I know it’s absurd to those of you who have kids. I know it’s even strange to those whowant kids. And I know my momma thinks it’s a little bit odd that a 26-year-old woman isn’t entertaining the idea of a family as a priority.

However, if my “selfish ambitions” mean that I understand myself as an individual and my role in the global community, that I understand who I want to partner with in order to even consider beginning a family, and that I understand the implications of bringing yet another human being (albeit probably a really cute and talented human being) into the world… then I don’t want to live on this planet anymore.

I’ll support you in your cause and the effort to shift our cultural perspective if you’ll promise to give a little bit and shift on another cultural perspective, okay?

Sometimes, I feel like I’m being interrogated by emotionless creatures when I say, “I’m not sure if I’m going to have kids.”

Here’s Lookin at You, Kid

image

I have one month left inamy temporary role as a part-time commuter grad student. I’m getting into the swing of a job in which my actions matter and the knowledge I bring to the table is valued.

The road here was full of some crazy twists and turns (to paraphrase tonight’s HIMYM). In a way, it all makes sense. (Again, HIMYM.)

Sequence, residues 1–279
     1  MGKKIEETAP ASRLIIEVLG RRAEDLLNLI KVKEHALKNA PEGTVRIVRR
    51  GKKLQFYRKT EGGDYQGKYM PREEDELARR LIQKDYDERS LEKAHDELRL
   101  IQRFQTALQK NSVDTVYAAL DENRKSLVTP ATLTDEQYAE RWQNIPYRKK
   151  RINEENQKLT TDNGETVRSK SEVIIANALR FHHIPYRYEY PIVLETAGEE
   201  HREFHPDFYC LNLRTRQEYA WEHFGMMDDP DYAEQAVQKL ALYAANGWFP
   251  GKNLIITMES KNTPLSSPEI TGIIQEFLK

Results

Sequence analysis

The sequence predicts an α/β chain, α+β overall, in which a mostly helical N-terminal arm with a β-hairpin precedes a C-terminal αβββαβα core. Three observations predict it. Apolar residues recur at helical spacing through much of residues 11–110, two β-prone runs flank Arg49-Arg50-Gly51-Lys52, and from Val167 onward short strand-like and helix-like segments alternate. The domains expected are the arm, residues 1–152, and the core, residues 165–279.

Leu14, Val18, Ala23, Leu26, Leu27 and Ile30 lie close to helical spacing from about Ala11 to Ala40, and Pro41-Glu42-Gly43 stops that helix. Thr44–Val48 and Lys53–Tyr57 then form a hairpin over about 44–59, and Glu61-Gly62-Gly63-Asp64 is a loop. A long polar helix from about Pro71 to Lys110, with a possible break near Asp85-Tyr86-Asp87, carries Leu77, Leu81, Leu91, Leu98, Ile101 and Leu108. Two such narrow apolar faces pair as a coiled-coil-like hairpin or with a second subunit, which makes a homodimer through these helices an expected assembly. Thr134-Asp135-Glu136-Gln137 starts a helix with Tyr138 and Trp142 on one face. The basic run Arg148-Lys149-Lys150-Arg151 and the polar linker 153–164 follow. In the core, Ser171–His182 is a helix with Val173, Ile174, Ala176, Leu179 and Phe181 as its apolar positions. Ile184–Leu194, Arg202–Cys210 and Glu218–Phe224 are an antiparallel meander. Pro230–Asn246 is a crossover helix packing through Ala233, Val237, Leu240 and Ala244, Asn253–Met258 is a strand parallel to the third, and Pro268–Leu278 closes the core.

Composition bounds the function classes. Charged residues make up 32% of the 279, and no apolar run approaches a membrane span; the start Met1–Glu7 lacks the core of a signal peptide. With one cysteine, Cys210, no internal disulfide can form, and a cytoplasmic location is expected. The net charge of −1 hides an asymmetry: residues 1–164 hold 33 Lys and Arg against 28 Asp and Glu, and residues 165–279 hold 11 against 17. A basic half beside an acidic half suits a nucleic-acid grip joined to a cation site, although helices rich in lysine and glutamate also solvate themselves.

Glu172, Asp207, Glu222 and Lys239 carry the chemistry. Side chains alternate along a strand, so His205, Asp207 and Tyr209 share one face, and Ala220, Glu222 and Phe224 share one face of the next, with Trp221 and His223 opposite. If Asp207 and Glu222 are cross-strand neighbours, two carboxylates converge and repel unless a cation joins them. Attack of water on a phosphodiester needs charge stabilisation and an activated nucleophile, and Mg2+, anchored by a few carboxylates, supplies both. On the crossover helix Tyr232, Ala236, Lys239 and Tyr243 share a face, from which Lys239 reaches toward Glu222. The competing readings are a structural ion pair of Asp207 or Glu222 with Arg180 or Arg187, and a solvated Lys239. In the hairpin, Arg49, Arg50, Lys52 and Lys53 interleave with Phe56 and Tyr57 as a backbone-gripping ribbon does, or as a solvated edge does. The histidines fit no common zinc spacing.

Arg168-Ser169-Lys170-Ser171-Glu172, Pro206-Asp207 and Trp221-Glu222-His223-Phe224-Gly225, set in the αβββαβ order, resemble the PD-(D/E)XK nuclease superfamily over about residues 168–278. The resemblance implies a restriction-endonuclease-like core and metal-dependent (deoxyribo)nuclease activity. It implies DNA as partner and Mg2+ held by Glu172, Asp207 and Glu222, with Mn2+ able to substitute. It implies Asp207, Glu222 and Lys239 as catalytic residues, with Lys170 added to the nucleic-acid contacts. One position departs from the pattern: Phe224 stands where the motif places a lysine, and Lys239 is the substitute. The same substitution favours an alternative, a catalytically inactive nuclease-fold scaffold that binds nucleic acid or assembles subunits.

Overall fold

(Oh, and… don’t worry–I was off the clock when I snapped this self-portrait.)

Cautioner

Life is by far not perfect, but incredible things have happened over the past few months.

I’ll be bold and say, at the very least, the uncertainty and the chases in my journey are more exciting than “happily ever after.”

The Working World, Version 2.0

Today concluded my first (almost) full week back in the working world. I did have Tuesday off, but it was by no means a break, since I had to drive at least an hour and a half to get to my day of classes. I’m currently tucked up in a blanket and have been watching How I Met Your Mother and Doctor Who for the past couple of hours, along with reading Mockingjay. Now, while I may seem rather boring and bland for a Friday night, I think it’s perfectly acceptable to veg out since I’ll be heading up to Seattle in the morning for a friend’s birthday. (And heading down to Los Angeles next weekend.)